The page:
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Former Port Neches city attorney believed in justice for all

December 8, 2018

Harry Payton Wright, a fixture of the Jefferson County legal community whose career included stints as a lawyer, a municipal judge and the city attorney in Port Neches, was recalled this week for his commitment to the concept of justice for all.

“He wasn’t afraid to fight the big boys,” said his wife, Mary Wright. “But he’d fight for the little guys too. If somebody’s dog bit somebody, well, he’d take that in, too.”

“He took anything that came across his desk,” added his daughter, Lisa Gorman.

“I’d say, ‘Why did you take that (case)?’ and he’d say, ‘Because they needed help,’” Wright said. “Nothing was too big or too little.”

Harry Payton Wright died Tuesday at 87. The Port Neches native practiced law locally for more 60 years and also worked as Silsbee city attorney. He was a former president of the Jefferson County Bar Association.

In 2001, the Port Neches mayor declared April 17, “Harry P. Wright Day” in recognition of “his love for family, faithful service to his church and dedication to the betterment of the community in which he has lived and served.”

One of the first large projects of his career was heading a committee that studied and put together a 10,000-word report on the feasibility of annexing five industrial plants into the city of Port Neches.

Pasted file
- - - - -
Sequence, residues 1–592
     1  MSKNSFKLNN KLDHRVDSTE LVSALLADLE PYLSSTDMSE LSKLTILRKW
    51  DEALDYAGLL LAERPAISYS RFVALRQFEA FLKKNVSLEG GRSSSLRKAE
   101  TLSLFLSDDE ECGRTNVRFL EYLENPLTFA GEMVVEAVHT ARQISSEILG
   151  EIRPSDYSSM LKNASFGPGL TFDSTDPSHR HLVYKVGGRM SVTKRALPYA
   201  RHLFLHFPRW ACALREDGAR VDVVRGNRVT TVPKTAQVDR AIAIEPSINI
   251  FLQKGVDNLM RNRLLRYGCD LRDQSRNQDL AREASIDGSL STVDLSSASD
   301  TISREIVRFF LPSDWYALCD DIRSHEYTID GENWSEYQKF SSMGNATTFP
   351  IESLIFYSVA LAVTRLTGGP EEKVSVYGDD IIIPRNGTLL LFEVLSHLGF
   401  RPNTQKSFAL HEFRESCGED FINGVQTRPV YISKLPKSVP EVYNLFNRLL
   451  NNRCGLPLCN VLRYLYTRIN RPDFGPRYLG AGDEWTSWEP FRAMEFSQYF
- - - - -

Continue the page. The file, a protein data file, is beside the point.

“It was a very big deal for him,” said Mary Wright, his wife of nearly 65 years.

“His word — or his handshake, rather — was his bond. He had integrity — almost to a fault,” she recalled, sitting in their Port Neches home filled with antique furniture and family photos that included shots of the couple’s four children, plus grandchildren and great-grandchildren.

Wright was also recalled as a family man who loved the outdoors and all music, save high opera and hard rock. He played both the piano and the guitar, had a cattle ranch in Winnie and a hunting camp in Warren.

“I finally got him to where he liked to travel,” Wright said, recalling trips to Europe, Canada, Mexico and the Caribbean.

Harry Wright was a Master Mason and he taught Sunday school and sang in the First Baptist Church choir. He also was the church’s lawyer. He was also the chairman for the 1957 March of Dimes, raising thousands of dollars for the fight against polio.

Harry and Mary Wright’s 65th wedding anniversary would have been Dec. 28.

Funeral services will be at 2 p.m. Saturday at First Baptist Church in Port Neches, followed by Masonic graveside rites at Oak Bluff Memorial Park.



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